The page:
With many Americans venturing into the YouEconomy—as freelancers, one-man shops, consultants, dog walkers, you name it—one major challenge they face is to make a name for themselves. If you’re one of these solopreneurs, you are marketing you, which is critical to building your brand.
Related: Welcome to the YouEconomy
Truth is, that’s what I’m doing right now. For 33 years I was with the same company and served as its co-CEO for the last 15 years of that tenure. I had a staff to whom I could say, “Here’s what we’re doing,” and this team would do it. Now that I’ve transitioned into my new role of writing, speaking and being the leadership editor of SUCCESS, I am the CEO of Addison Leadership Group. I am building a brand: Who am I? What are the values of my business? How do I want others to view my brand? How do I want to connect with the people in my new audience?
Here are my suggestions for tackling those issues and rising as a respected leader in your field.
1. In the YouEconomy, your brand needs to be authentic to who you are. You need to know what you’re skilled at handling and where you’re deficient. You have to intensely focus on your positive attributes so you’re driving your brand to something natural to you. Too many people want to be something they are not, which means certain failure. People are generally not proficient at work that does not come naturally to them, and you must be good at what you do.
2. Work very hard to ensure your message is consistently and clearly reinforcing the brand in all of your communications, from one-on-one meetings to advertising to social media. This is a must for promoting your brand strengths. It will help you become top of mind for your product or service and then establish yourself as the go-to person instead of your competitors.
3. If you want people to respect you as a leader, you have to be honest, but in an inoffensive way. “Telling it like it is” is often an excuse for acting like a jerk; real honesty can be tempered with tact and humility. After all, life is about contradictions—you have to be humble while boldly staking out new territory; you have to be cautiously optimistic and realistically unrealistic when reaching for big goals or handling big problems. Being honest while managing contradictions will inspire trust.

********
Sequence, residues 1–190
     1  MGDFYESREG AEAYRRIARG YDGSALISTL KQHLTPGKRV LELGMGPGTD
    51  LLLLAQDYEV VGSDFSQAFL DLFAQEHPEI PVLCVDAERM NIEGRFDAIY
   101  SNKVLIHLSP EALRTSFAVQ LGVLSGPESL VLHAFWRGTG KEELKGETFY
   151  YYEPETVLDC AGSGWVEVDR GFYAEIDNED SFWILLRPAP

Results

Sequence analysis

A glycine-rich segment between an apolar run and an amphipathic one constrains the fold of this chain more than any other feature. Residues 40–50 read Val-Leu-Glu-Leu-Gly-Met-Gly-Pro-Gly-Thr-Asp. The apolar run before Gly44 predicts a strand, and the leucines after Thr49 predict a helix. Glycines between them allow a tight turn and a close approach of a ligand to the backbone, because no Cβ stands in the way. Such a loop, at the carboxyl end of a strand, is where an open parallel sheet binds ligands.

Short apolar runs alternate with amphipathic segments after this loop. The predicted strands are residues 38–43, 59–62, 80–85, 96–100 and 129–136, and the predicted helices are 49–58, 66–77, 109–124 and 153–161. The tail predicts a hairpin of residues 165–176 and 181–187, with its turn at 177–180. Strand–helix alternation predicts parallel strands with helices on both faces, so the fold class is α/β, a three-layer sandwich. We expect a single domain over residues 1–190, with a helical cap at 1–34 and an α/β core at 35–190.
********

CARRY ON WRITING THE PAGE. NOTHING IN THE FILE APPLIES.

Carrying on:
4. It almost goes without saying that knowing your craft is vital to success—you have to be good at what you do. If you’re a writer, be a dang good writer. If you’re a dog walker, be the best dog walker in town. If you’re in real estate, know more about it than anyone else. Work and study to improve.
5. Finally, you have to get the word out, and the best way is to win friends and influence people, to borrow a Dale Carnegie phrase. Talk to people, talk to people, talk to people. Don’t just sit at the coffee shop and stare at your smartphone. Meet people. Use the 10-foot rule—don’t keep tapping on a screen—and talk to whoever is within 10 feet of you.
After all, it’s a bold new world out there, and you never know who just might open the door to expansion of your business.
This article originally appeared in the August 2016 issue of SUCCESS magazine.
John Addison is the Leadership Editor for SUCCESS and the author of Real Leadership: 9 Simple Practices for Leading and Living with Purpose, a Wall Street Journal and USA Today best-seller. Renowned for his insight and wisdom on leadership, personal development and success, John is a sought-after speaker and motivator. Read more on his blog, and follow John on Facebook and Twitter.